The odds are stacked against a business
surviving 100 years.
Major recessions, technical challenges
and process setbacks all served to put the
company and its people on a different,
sometimes unexpected path. The hardest
blows came when an employee was
seriously injured, or died. It was that sort
of event that delivered an emotional blow
that remained with people for life. But in
dark times like these, the Dofasco family
has always been known to pull together
to collectively recover and soldier on… to
analyze and understand what happened,
to throw themselves into creating an ever
more passionate approach to prevent it
from happening again.
In the early days it was a shoestring
operation. WWI changed that with a boom
of orders. But post war brought more
challenges and the 1920s were brutal.
Dofasco folklore has it that the company
even resorted to paying employees
in groceries.
The Great Depression of the 1930s brought
another downturn and significant layoffs. It
was a crash that left no one immune. With
the gradual recovery and the onslaught of
WWII, the company regained its position,
and even prospered as the only armour
plate producer in Canada. Post WWII
brought a period of adjustment too – from
a total focus on the war to the return to
business as usual.
The result was significant growth
through the 1950s, 1960s and 1970s.
Expansion abounded and new frontiers
were conquered.
By the 1970s, shorter economic cycles
with small recessions became the norm.
But by 1982 a threatening economic storm
appeared on the horizon and it would
eventually bring the worst drop in business
in a single year since the Depression. In
response, the company began issuing
lay-off notices.
To survive the reduced domestic demand
the company looked to offshore business
with low profit margins. Everyone hoped
for a turnaround but it wasn’t forthcoming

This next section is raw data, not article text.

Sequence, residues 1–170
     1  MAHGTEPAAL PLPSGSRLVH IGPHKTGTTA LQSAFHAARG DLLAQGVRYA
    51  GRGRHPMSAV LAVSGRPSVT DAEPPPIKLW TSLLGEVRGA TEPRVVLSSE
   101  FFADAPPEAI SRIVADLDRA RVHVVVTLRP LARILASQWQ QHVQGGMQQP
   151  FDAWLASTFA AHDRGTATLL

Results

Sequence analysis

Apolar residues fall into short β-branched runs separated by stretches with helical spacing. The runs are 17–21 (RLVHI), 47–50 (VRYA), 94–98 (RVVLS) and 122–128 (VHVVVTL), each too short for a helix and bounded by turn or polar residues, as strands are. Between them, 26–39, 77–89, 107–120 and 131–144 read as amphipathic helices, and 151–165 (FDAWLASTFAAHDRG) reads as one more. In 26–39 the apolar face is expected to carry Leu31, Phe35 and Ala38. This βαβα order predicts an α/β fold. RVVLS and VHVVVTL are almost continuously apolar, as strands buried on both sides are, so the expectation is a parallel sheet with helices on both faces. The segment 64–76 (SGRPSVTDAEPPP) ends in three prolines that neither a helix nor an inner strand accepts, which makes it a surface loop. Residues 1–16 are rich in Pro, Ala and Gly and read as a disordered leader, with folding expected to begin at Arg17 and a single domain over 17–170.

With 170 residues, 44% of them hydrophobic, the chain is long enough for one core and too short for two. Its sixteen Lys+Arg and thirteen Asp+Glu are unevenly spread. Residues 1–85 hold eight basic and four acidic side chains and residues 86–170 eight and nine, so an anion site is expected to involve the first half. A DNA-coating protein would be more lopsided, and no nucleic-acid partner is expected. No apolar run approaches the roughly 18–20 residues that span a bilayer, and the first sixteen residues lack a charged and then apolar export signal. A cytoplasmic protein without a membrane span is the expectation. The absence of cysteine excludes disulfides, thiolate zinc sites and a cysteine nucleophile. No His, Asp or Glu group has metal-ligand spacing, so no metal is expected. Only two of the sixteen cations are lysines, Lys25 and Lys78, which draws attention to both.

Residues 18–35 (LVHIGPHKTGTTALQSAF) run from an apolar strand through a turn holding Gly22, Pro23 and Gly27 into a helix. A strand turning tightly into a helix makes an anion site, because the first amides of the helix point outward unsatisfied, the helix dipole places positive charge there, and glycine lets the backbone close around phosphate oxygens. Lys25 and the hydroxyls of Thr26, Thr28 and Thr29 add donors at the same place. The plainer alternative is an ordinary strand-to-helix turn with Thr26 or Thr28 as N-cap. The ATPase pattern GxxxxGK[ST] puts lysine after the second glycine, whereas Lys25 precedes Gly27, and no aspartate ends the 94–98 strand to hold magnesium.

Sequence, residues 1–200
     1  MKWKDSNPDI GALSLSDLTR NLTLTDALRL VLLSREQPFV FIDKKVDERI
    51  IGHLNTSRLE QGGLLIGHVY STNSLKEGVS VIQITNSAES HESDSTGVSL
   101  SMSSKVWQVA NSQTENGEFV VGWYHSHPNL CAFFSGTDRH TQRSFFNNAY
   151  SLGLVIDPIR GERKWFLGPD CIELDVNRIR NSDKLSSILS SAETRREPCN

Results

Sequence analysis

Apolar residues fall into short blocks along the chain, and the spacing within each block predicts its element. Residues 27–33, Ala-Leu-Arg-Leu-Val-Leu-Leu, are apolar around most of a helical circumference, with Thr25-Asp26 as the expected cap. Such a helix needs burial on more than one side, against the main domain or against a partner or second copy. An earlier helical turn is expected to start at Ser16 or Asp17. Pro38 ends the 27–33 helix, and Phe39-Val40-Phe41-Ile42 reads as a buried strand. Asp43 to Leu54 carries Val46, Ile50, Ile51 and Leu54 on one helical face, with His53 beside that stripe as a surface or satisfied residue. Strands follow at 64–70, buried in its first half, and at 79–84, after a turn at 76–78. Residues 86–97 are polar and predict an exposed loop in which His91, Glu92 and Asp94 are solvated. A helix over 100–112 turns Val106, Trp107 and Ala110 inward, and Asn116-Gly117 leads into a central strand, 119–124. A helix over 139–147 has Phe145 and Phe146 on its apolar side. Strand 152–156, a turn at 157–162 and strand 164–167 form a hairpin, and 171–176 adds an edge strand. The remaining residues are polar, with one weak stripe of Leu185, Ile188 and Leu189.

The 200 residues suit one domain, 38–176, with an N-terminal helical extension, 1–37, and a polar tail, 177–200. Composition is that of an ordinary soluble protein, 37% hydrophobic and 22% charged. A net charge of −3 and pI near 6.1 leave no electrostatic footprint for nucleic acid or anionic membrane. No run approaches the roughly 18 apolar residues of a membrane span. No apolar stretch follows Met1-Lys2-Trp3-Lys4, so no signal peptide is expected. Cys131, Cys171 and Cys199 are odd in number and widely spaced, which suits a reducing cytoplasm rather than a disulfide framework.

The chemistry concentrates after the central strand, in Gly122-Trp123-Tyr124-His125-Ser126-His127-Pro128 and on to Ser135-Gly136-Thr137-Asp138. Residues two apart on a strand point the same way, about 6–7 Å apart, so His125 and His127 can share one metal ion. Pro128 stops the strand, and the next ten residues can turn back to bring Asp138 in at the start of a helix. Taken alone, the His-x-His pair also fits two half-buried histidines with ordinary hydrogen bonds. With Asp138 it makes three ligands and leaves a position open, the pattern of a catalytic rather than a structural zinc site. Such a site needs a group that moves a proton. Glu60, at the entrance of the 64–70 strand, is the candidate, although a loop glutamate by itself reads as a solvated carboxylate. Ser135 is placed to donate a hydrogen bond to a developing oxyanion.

and by September president F.H. Sherman
confirmed an impending layoff of nearly
people. Operations were slowed and
the company buckled down. The remaining
employees, hundreds of whom took on
new assignments, focused on getting the
company back in a position to rehire those
laid off. By spring 1983 the call backs
began and within a year, all those on layoff
had returned to a much leaner and nimbler
organization. But there was a new context
overcapacity and hyper-competitiveness,
driving the need to boost efficiency and
remain nimble.
Within 10 years, another recession hit hard.
The acquisition of Algoma Steel in Sault Ste.
Marie in 1988 had drained the company
of cash and become a major distraction.
Two years later, Dofasco returned Algoma
to its employees, debt holders and the
government in order to put all effort into
the Hamilton operations. Early retirement
incentives came first. Then a major
downsizing ensued with early retirement
packages, layoffs and the shut down of
No. 1 Hot Mill and No. 1 Steelmaking
under an initiative called the Functional
Improvement Program (FIP). It was, bar
none, the company’s most turbulent period
in its history.
As the company navigated through the
massive restructuring, a new strategy was
launched. Solutions in Steel was a credo
that saw the company pursue increasingly
sophisticated and higher value products,
working hand-in-hand with customers to
co-develop new steels. The new Dofasco
and its new steel emerged to applause from
shareholders and the business community.
In the 20 years after FIP, the industry has
faced a new paradigm with even shorter
and steeper economic cycles coupled
with true globalization. On the eve of
its second century of steelmaking came
yet another challenge: the significant
decline in North American and European
manufacturing driven by global economic
forces. The pressures demanded an even
leaner organization, one half the size of
the Dofasco of the late 1980s as well as
another full assessment of the company.
AMD100 was launched in 2011 to help
ensure the sustainability of the company
as well as make changes designed to
help reach the ultimate in productivity
and efficiency.
With capacity and competitiveness at an all
time high, the cost to produce steel is now
measured in employee minutes per tonne
of shipped steel while quality excellence is
measured in tenths of a percentage point.
What isn’t as easily measured is the heart
and soul that pours into the plant each and
everyday to keep the fires burning, and the
coils turning. A combination of leadership,
perseverance and a willingness to roll with
change has kept ArcelorMittal Dofasco not
only in the mix, but in the distinguished
position of continuing to be the region’s
largest private employer and the heart
of Steeltown.
Tough times called for
steely resolve